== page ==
Eta reaches hurricane strength in the Gulf
Eta is briefly strengthening, but expected to weaken before landfall
PANAMA CITY, Fla. (WJHG) - UPDATE 11-11-20 9:00am - Eta has strengthened this morning to a Cat1 Hurricane. However, as it continues its north to northeasterly track nearing the Peninsula of Florida later today and into tonight, it will move into cooler coastal shelf and Northern Gulf waters. Combined with a cold front and trough in the upper levels of the atmosphere, bringing strong winds aloft from the southwest, with the cooler waters and we should see Eta slowly lose strength before making landfall in the Southern Big Bend, perhaps near the Cedar Key area on Thursday. Because of the cold front and upper level shear on the western side of Eta, we won’t see much, if any, impacts from Eta here in NWFL.
Update on impacts expected from today through Thursday for NWFL...
1. A few passing showers, only adding up to a quarter to a half inch of rain for those who catch a shower today or tonight.
2. Slightly breezy winds pick up Thursday from the north at 10-20mph.
3. Rough surf and waves in the Gulf, high rip currents, as well as, some minor beach erosion will be possible especially along Franklin County.
UPDATE 11-10-20 9:00pm - Tropical Storm Eta is in the Southern Gulf of Mexico this evening and appears to be getting a little bit better organized. The strengthening is expected to be temporary as wind shear, cool SSTs, and dry air are expected to significantly weaken the system as it approaches the northern gulf coast. Models did trend east today and and continued that east shift this evening. As a result we saw another NHC track shift east toward the peninsula tonight. If that forecast holds, NWFL would see minimal impacts from Eta. That being said, the forecast for Eta has been very problematic and we will need to continue to monitor it.
For now the impacts we expect in our area would be...
1. At most, 1-2″ of rain mainly east of the Apalachicola River
2. Rough surf/beach erosion
3. Breezy condition
UPDATE 11-10-20 8am - Tropical Storm Eta is in the Southern Gulf of Mexico this morning with a slow southerly drift as it strengthens in warmer waters and favorable atmospheric conditions. We’ll eventually see this system take a more northerly track today as the primary steering from high pressure over the Mid Atlantic states and Western Atlantic gradually weakens. Harsher conditions lie ahead for Eta as it slowly treks north. With relatively cooler Northern Gulf waters ahead and higher shear along a cold front and trough sweeping in from the west across the Northern Gulf, Eta will diminish to a weak tropical storm or depression, or maybe even sputter out completely, by the late week or weekend. Effects, if any, for NWFL from Eta appear minimal as we may only see a breezy day with a few scattered showers by Saturday or Sunday if the trends hold true.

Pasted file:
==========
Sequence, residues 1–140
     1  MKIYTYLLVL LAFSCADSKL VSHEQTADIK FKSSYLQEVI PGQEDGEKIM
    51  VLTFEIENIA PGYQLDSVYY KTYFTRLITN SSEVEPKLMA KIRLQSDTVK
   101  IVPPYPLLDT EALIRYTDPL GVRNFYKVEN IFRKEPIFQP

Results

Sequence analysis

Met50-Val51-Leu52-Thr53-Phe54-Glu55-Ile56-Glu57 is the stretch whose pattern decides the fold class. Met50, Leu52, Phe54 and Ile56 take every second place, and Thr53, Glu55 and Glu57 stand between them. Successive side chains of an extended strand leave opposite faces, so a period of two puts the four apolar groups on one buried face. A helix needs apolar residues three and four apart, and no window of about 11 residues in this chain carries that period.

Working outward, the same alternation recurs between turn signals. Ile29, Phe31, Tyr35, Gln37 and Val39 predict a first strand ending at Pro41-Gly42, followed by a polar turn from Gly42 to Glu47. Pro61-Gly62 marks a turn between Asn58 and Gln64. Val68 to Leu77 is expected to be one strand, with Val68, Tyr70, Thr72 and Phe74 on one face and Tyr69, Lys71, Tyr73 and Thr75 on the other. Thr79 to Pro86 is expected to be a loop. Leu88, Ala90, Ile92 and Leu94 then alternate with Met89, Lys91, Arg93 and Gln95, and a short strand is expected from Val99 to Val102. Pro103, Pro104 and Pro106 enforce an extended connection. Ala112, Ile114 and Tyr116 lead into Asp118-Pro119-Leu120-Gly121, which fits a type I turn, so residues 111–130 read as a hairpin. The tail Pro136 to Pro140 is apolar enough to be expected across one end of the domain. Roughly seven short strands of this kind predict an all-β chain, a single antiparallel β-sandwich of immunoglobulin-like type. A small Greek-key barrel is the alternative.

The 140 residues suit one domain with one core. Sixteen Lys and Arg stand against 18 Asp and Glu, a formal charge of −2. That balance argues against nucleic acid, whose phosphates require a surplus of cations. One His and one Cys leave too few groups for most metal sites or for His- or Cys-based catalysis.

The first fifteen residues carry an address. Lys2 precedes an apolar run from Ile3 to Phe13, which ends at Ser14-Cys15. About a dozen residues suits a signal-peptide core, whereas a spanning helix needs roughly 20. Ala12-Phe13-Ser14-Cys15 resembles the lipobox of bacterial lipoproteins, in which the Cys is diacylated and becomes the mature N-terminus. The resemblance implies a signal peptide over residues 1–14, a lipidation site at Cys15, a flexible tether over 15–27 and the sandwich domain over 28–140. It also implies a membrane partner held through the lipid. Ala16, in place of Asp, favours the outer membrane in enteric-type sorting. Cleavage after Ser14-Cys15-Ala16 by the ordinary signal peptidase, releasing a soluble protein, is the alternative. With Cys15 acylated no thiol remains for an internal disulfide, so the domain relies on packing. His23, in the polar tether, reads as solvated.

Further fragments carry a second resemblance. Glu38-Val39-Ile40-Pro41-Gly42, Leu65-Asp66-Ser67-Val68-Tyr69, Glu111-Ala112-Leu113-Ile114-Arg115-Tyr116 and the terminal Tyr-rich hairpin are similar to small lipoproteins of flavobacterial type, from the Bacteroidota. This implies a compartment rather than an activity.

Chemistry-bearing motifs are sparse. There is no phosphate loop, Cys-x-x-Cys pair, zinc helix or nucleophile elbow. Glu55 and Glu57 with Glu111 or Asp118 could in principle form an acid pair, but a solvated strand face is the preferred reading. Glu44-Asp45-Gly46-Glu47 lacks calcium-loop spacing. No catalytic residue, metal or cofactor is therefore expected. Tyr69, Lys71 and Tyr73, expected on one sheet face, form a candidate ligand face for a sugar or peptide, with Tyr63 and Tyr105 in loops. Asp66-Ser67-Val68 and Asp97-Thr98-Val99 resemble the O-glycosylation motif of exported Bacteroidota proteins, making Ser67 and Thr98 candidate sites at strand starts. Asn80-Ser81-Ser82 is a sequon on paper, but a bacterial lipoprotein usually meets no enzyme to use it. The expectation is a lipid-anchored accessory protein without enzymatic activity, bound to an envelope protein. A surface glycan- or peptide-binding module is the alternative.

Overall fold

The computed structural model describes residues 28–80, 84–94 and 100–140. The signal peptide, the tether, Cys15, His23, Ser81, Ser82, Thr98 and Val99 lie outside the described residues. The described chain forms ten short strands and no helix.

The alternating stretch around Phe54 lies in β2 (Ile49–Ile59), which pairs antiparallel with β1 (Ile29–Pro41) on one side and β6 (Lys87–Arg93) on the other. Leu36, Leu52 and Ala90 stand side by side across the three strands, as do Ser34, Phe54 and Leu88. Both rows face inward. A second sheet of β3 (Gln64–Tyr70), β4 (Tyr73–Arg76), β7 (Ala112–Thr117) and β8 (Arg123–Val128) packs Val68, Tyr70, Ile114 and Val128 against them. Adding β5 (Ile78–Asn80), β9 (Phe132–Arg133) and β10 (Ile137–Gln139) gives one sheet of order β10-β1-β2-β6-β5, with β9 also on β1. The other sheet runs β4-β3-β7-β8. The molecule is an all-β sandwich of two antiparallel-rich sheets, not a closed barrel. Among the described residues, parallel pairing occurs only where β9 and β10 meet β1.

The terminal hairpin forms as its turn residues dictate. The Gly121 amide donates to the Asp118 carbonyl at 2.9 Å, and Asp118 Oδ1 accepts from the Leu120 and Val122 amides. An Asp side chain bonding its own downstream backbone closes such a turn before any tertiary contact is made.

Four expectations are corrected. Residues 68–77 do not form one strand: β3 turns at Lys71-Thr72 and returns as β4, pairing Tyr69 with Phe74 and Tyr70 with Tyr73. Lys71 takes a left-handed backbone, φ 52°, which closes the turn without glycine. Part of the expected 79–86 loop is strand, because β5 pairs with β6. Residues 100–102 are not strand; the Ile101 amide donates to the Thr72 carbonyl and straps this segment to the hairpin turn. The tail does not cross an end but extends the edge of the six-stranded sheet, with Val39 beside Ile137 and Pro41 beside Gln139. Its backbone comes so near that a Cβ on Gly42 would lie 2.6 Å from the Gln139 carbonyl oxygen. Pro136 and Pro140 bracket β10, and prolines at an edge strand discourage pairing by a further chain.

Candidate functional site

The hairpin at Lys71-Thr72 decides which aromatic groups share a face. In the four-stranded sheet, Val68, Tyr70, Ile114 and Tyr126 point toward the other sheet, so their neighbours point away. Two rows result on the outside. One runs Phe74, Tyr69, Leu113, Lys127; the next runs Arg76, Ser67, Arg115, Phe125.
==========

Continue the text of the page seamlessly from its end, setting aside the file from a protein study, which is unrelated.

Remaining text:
UPDATE 11-9-20 8am- Tropical Storm Eta is moving westerly away from the Florida Peninsula in the Southern Gulf of Mexico today. Eventually, we’ll see it head more on a west southwesterly track as a ridge of high pressure to the north briefly steers it out into the Gulf. The Southern Gulf, in the mid 80s, is warmer than the Northern Gulf, near 80°, and those warmer waters should lead toward Eta strengthening to a hurricane over the next few days as steering flow in the atmosphere becomes weaker. At the same time, a cold front and troughing pattern takes shape in the Western Gulf, and that should start to steer Eta to the north through the midweek. Models diverge from here as to whether the trough and cold front are strong enough to push Eta further north into possibly the Florida Big Bend by late Friday into Saturday. Or, the trough is to weak and does not pick up the tropical system and we’d see it drift further west in the Gulf of Mexico through the weekend.
We should know more about which track will be the correct one through the next 24-48hrs. At this point, if it were to head northward toward the Big Bend, impacts here in NWFL would likely be minimal as we’d expect it to be a weaker system in the relatively cooler Gulf waters and detrimental shear from the trough, perhaps a tropical storm with 50mph winds.
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